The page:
The chief of the International Monetary Fund stated on Saturday that there are some differences regarding debt restructuring for struggling nations and suggested that banning private cryptocurrencies would be an option.
At a time when its South Asian neighbors Sri Lanka, Bangladesh, and Pakistan are requesting urgent IMF funding due to an economic slowdown brought on by the COVID-19 pandemic and the Russia-Ukraine war, India is currently serving as the G20’s chair.
China, the world’s largest bilateral creditor, urged G20 nations on Friday to conduct a fair, objective and in-depth analysis of the causes of global debt issues as clamour grows for lenders to take a large haircut, or accept losses, on loans.
“On debt restructuring, while there are still some disagreements, we now have the global sovereign debt roundtable with consideration of all public and private creditors,” IMF Managing Director Kristalina Georgieva told reporters after the roundtable she co-chaired with Indian Finance Minister Nirmala Sitharaman.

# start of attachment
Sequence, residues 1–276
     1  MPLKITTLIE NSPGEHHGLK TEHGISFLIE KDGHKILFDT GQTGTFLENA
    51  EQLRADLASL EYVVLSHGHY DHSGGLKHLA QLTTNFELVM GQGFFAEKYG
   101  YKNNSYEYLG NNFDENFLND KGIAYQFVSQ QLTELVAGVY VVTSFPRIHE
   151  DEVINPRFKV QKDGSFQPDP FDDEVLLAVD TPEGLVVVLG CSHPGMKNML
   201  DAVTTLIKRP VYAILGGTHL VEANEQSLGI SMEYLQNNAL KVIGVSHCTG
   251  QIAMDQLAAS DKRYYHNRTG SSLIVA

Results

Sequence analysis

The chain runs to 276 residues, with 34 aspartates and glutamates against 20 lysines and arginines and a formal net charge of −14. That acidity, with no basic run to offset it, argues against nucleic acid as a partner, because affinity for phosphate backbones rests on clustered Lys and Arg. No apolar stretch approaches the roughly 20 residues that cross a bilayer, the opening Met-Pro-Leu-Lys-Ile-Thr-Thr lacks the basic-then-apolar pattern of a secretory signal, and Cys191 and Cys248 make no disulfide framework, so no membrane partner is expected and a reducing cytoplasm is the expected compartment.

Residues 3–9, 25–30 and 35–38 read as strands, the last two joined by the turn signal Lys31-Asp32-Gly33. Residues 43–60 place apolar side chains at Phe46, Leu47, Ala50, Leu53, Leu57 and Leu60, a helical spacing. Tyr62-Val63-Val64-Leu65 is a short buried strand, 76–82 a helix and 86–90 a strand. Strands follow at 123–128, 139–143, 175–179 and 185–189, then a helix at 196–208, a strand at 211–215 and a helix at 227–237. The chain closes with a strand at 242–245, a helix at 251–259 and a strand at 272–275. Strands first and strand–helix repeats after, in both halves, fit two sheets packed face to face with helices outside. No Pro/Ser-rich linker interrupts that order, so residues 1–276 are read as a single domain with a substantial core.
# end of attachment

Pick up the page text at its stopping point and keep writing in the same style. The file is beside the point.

“We just finished a session in which it was clear that there is a commitment to bridge differences for the benefit of countries.”
Apart from restructuring debt, regulating cryptocurrencies is another priority area for India, which Georgieva agreed with.
“We have to differentiate between central bank digital currencies that are backed by the state and stable coins, and crypto assets that are privately issued,” Georgieva said.
“There has to be very strong push for regulation… if regulation fails, if you’re slow to do it, then we should not take off the table banning those assets, because they may create financial stability risk.”